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Clare, Solicitor
Category: Law
Satisfied Customers: 34902
Experience:  I have been a solicitor in High Street Practice since 1985 with a wide general experience.
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Around 3 weeks ago, my husband of 4 years, (together for 12)

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around 3 weeks ago, my husband of 4 years, (together for 12) left me alone in the marital home with little explanation, other than ‘I don’t think it’s working’. And has not returned.It was beyond obvious that he was having an affair, I’d had my suspicions for a while, but he consistently denied it.All I wanted was the truth so I would know I wasn’t crazy (he tried to gaslight me a couple of times).I knew at the point he left that I would never take him back, but he denied me proper closure for almost 3 weeks.It was hell, & I’m not exaggerating when I say, it was unnecessary mental torture, when it could have been easily avoided.We bought this house just a year ago. Well I say ‘we’; my parents alone put down the £16000 for the deposit, & he contributed nothing towards obtaining it.The mortgage is in both our names though, & we each pay half of that, & all utilities, every month into a joint account, which is only there for outgoings & is emptied as soon as it is filled.We each have our own, separate current accounts, into which our respective wages are paid into.When I finally got the truth last night, I asked him if he would possibly concede the house to me, seeing as I don’t want to sell; partly because I have nowhere else to go, as my family live 100 miles away, and partly because I want to keep the house anyway, & my job’s here.He *has* got somewhere to go, & considering *he* was the one to cheat, & he *chose* to leave the house of his own free will, I thought he might do this one last respectful thing for me.Especially since he contributed **nothing** to obtaining it, and well knows that.He said he would have to think about it, but I suspect he will fight me if he can.I have also found out since, that he is *heavily* in debt, after seeing one of his statements, (due to his gambling problem).
It is all in his own name though, that I am *positive* of, & so it’s his problem. I really don’t care anymore.He has always been crap with money, so I used to deal with most of the finances.
I have helped him out of debt too, *numerous* times over the years, so this really comes as no surprise to me at all.My main concern is the house now. What is he legally entitled to? And can he force me to sell? I want to be armed with information before we talk again.Please, please, please help me!

Hello for clarification are there any children and will you be looking to divorce?

Thank you for your question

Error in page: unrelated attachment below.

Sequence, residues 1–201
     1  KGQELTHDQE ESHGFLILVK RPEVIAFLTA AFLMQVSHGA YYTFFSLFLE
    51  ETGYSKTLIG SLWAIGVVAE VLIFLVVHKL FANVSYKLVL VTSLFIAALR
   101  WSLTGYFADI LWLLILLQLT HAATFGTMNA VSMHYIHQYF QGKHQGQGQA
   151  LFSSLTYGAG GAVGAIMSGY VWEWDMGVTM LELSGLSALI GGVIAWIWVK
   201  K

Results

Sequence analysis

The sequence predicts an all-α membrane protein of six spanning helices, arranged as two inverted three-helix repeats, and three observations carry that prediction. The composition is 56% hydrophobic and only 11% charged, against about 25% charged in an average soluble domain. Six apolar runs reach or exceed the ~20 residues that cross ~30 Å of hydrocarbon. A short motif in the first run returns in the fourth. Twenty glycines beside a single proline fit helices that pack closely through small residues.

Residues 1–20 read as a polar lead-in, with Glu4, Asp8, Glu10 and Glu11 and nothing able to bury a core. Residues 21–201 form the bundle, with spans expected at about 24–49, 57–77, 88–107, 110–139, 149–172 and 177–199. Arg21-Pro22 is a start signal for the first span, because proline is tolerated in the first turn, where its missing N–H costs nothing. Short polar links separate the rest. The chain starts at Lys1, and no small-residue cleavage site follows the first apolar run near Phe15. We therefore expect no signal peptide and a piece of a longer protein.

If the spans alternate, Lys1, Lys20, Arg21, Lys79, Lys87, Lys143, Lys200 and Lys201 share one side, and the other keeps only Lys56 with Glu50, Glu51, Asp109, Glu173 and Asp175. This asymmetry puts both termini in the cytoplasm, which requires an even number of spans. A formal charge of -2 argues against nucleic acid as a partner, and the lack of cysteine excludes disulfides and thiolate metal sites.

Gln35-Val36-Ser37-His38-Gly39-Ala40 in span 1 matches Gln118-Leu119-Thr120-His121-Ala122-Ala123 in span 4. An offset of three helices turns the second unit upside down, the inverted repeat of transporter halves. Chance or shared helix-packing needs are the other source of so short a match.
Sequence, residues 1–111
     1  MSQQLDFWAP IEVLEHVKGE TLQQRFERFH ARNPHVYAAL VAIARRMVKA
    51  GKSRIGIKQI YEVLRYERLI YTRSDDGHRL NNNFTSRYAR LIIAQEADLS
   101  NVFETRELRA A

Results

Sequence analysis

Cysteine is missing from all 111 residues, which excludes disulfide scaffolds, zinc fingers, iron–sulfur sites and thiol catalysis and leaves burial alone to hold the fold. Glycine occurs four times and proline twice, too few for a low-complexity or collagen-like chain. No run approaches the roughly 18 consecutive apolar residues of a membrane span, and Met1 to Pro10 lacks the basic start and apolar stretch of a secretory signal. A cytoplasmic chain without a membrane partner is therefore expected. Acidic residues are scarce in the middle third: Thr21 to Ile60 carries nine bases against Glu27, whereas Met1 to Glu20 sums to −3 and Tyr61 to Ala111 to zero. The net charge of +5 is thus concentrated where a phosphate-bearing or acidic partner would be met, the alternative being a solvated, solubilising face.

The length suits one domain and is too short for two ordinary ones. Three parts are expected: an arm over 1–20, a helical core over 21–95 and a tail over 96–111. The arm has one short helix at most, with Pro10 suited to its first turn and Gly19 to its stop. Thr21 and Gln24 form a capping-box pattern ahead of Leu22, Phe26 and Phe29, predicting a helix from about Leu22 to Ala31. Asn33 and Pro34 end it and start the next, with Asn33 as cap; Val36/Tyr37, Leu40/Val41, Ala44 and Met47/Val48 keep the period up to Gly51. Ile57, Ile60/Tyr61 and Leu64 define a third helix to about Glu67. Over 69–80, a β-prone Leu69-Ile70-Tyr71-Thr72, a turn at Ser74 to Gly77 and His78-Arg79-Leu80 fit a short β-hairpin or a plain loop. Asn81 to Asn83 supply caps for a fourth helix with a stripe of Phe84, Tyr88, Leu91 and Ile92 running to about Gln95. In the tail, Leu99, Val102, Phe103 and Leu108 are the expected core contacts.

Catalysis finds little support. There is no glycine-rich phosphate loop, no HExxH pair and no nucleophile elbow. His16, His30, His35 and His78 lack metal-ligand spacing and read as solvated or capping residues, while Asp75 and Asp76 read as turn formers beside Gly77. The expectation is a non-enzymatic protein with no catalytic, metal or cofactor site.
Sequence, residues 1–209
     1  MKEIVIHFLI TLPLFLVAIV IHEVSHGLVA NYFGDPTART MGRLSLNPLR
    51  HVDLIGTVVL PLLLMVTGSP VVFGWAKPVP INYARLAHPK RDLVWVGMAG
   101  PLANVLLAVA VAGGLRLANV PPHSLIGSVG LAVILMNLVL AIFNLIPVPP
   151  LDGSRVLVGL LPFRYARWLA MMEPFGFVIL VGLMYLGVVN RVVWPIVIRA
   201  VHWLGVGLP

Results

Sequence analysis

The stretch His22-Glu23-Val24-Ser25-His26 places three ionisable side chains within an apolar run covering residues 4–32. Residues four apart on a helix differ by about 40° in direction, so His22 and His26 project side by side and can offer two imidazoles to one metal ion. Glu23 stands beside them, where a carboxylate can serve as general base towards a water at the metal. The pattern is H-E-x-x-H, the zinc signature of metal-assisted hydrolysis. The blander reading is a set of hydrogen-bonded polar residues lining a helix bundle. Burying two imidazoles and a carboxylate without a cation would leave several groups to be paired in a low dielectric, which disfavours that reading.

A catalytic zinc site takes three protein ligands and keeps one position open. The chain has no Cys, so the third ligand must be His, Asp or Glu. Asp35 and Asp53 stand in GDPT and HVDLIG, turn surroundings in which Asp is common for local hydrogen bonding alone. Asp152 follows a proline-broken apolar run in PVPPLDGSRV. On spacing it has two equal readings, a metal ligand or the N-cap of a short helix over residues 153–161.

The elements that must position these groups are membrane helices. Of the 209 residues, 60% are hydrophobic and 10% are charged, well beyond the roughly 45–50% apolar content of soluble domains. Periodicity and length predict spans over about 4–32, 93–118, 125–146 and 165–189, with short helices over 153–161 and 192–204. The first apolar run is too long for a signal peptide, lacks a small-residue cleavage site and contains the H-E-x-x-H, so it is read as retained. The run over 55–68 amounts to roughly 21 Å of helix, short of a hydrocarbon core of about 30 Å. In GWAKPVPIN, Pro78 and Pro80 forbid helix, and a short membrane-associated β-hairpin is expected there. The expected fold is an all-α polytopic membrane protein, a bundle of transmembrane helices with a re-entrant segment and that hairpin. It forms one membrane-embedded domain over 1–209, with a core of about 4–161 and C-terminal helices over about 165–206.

My name is Clare

I shall do my best to help you but I need some further information first

How much is the house worth and how much is outstanding on the mortgage

What income do you each have?

Customer: replied 4 months ago.
No children & we’re not getting back together so it’s definitely heading towards divorce.I’m not positive what the house is worth now, but we bought it for 154,999 one year ago.There’s approximately 136-137,000 left on the mortgage.We both earn around the same, 27-28,000 (excluding overtime etc...)

Was the deposit a loan or a gift?

Customer: replied 4 months ago.

The court does not apportion blame when it comes to dividing the marital finances. You have been married for 4 years and the period you were together before you got married would be taken into account and hence, 12 years is a long marriage.

It appears that there is very little equity in the property other than that which was provided jointly by your parents but you do say that it was a gift and not a loan . If it was a gift to the two of you, then the £18,000 or so of equity would simply be split down the middle.

There are no children and no other assets and you both earn the same so there is no maintenance to consider.

As there are no dependent children, then the only argument is over whether he does get half of the equity, including your parents gift or whether he gets less or nothing. The argument would appear to be over the sum of about £9000 and it would be easy to gobble up far more than that in legal costs over the argument.

It would be completely different of course if the gift was not a gift but a loan and there was proof that it was a loan because then, you would be able to deduct your parents money before paying him his thousand pounds or so. Not really worth arguing over.

If the gift was made to you in isolation and the property was your first house purchase within the marriage it’s unlikely he would get 50% but he would certainly get more than the nothing he brought in to the property.

.Can I clarify anything else for you? I’m happy to answer any specific points arising from this.

Customer: replied 4 months ago.
Could I ‘buy him out’ so the property was then solely mine? Or would it be cheaper to just offer him some, or half, of the initial deposit? I just want him out of my life for good.

If he will not agree to sell the property then you can apply to court for it to be sold on the open market and you can agree that you buy it or alternatively, can come to an arrangement with him to buy out his share and avoid the need to go to court.